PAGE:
4.
J Clin Transl Sci ; 5(1): e106, 2021 Apr 21.
Article in English | MEDLINE | ID: covidwho-1260895

ABSTRACT

INTRODUCTION: COVID-19 altered research in Clinical and Translational Science Award (CTSA) hubs in an unprecedented manner, leading to adjustments for COVID-19 research. METHODS: CTSA members volunteered to conduct a review on the impact of CTSA network on COVID-19 pandemic with the assistance from NIH survey team in October 2020. The survey questions included the involvement of CTSAs in decision-making concerning the prioritization of COVID-19 studies. Descriptive and statistical analyses were conducted to analyze the survey data. RESULTS: 60 of the 64 CTSAs completed the survey. Most CTSAs lacked preparedness but promptly responded to the pandemic. Early disruption of research triggered, enhanced CTSA engagement, creation of dedicated research areas and triage for prioritization of COVID-19 studies. CTSAs involvement in decision-making were 16.75 times more likely to create dedicated diagnostic laboratories (95% confidence interval [CI] = 2.17-129.39; P < 0.01). Likewise, institutions with internal funding were 3.88 times more likely to establish COVID-19 dedicated research (95% CI = 1.12-13.40; P < 0.05). CTSAs were instrumental in securing funds and facilitating establishment of laboratory/clinical spaces for COVID-19 research. Workflow was modified to support contracting and IRB review at most institutions with CTSAs. To mitigate chaos generated by competing clinical trials, central feasibility committees were often formed for orderly review/prioritization. CONCLUSIONS: The lessons learned from the COVID-19 pandemic emphasize the pivotal role of CTSAs in prioritizing studies and establishing the necessary research infrastructure, and the importance of prompt and flexible research leadership with decision-making capacity to manage future pandemics.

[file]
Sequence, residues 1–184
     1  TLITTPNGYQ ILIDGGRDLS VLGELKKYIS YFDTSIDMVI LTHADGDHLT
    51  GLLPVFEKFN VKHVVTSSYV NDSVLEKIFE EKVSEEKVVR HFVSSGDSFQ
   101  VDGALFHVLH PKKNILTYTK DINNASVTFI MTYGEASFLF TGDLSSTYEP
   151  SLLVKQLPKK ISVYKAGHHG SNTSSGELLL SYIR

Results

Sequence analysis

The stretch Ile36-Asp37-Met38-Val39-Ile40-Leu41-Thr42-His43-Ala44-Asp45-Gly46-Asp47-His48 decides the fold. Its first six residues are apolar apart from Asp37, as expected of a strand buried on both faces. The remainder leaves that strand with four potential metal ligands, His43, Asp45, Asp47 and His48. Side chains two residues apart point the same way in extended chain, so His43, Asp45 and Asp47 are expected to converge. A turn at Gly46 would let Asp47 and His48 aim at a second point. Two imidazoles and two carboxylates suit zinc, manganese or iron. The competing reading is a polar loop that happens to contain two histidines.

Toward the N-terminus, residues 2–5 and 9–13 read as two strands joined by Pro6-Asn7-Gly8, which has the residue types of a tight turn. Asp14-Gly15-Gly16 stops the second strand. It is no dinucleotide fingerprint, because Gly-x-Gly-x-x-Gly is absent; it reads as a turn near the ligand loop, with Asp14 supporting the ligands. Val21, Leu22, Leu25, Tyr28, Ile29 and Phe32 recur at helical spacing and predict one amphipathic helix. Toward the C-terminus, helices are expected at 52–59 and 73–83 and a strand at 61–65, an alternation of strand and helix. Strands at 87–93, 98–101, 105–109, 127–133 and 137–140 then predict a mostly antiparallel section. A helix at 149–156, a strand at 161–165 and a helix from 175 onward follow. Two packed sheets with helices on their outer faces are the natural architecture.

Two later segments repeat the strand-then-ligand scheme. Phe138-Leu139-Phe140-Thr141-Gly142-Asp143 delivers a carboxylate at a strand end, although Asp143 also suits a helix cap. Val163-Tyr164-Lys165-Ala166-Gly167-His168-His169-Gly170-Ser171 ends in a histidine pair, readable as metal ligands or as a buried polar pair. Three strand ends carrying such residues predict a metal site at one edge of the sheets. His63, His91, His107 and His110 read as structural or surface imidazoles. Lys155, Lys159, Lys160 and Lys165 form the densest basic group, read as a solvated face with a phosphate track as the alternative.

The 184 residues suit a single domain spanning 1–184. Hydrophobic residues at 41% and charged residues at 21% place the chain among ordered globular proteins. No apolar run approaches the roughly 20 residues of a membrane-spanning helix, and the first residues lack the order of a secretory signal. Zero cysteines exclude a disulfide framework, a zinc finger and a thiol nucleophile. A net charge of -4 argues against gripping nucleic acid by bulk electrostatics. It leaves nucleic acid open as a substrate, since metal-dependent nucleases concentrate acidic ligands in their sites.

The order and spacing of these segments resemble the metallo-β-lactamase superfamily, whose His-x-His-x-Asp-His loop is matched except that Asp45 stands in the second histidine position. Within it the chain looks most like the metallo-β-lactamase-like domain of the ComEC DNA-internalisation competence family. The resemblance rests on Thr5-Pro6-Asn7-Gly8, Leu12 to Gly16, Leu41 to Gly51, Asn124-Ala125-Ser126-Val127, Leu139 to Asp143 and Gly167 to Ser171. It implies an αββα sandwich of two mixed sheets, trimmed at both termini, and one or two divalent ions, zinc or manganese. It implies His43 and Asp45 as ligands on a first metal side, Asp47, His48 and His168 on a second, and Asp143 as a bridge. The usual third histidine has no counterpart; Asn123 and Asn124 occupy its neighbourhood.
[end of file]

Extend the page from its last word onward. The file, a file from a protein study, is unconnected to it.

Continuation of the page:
5.
iScience ; 24(6): 102489, 2021 Jun 25.
Article in English | MEDLINE | ID: covidwho-1213295

ABSTRACT

The SARS-CoV-2 viral pandemic has induced a global health crisis, which requires more in-depth investigation into immunological responses to develop effective treatments and vaccines. To understand protective immunity against COVID-19, we screened over 60,000 asymptomatic individuals in the Southeastern United States for IgG antibody positivity against the viral Spike protein, and approximately 3% were positive. Of these 3%, individuals with the highest anti-S or anti-RBD IgG level showed a strong correlation with inhibition of ACE2 binding and cross-reactivity against non-SARS-CoV-2 coronavirus S-proteins. We also analyzed samples from 94 SARS-CoV-2 patients and compared them with those of asymptomatic individuals. SARS-CoV-2 symptomatic patients had decreased antibody responses, ACE2 binding inhibition, and antibody cross-reactivity. Our study shows that healthy individuals can mount robust immune responses against SARS-CoV-2 without symptoms. Furthermore, IgG antibody responses against S and RBD may correlate with high inhibition of ACE2 binding in individuals tested for SARS-CoV-2 infection or post vaccination.

6.
J Cyst Fibros ; 20(1): 1-2, 2021 01.
Article in English | MEDLINE | ID: covidwho-1093081